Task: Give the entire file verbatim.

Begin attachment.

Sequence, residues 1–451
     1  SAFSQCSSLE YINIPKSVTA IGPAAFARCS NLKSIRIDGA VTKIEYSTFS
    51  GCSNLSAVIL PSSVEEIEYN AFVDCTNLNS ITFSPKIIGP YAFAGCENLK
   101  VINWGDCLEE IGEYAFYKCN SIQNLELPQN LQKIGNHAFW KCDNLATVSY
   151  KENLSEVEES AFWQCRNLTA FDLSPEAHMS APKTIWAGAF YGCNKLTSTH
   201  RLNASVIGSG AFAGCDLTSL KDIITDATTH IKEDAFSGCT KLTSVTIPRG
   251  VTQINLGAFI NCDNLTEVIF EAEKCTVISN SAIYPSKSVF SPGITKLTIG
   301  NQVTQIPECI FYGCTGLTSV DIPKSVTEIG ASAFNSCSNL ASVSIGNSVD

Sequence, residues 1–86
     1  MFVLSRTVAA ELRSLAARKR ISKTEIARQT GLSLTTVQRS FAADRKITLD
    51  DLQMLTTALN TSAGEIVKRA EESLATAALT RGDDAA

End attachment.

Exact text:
Sequence, residues 1–451
     1  SAFSQCSSLE YINIPKSVTA IGPAAFARCS NLKSIRIDGA VTKIEYSTFS
    51  GCSNLSAVIL PSSVEEIEYN AFVDCTNLNS ITFSPKIIGP YAFAGCENLK
   101  VINWGDCLEE IGEYAFYKCN SIQNLELPQN LQKIGNHAFW KCDNLATVSY
   151  KENLSEVEES AFWQCRNLTA FDLSPEAHMS APKTIWAGAF YGCNKLTSTH
   201  RLNASVIGSG AFAGCDLTSL KDIITDATTH IKEDAFSGCT KLTSVTIPRG
   251  VTQINLGAFI NCDNLTEVIF EAEKCTVISN SAIYPSKSVF SPGITKLTIG
   301  NQVTQIPECI FYGCTGLTSV DIPKSVTEIG ASAFNSCSNL ASVSIGNSVD

Sequence, residues 1–86
     1  MFVLSRTVAA ELRSLAARKR ISKTEIARQT GLSLTTVQRS FAADRKITLD
    51  DLQMLTTALN TSAGEIVKRA EESLATAALT RGDDAA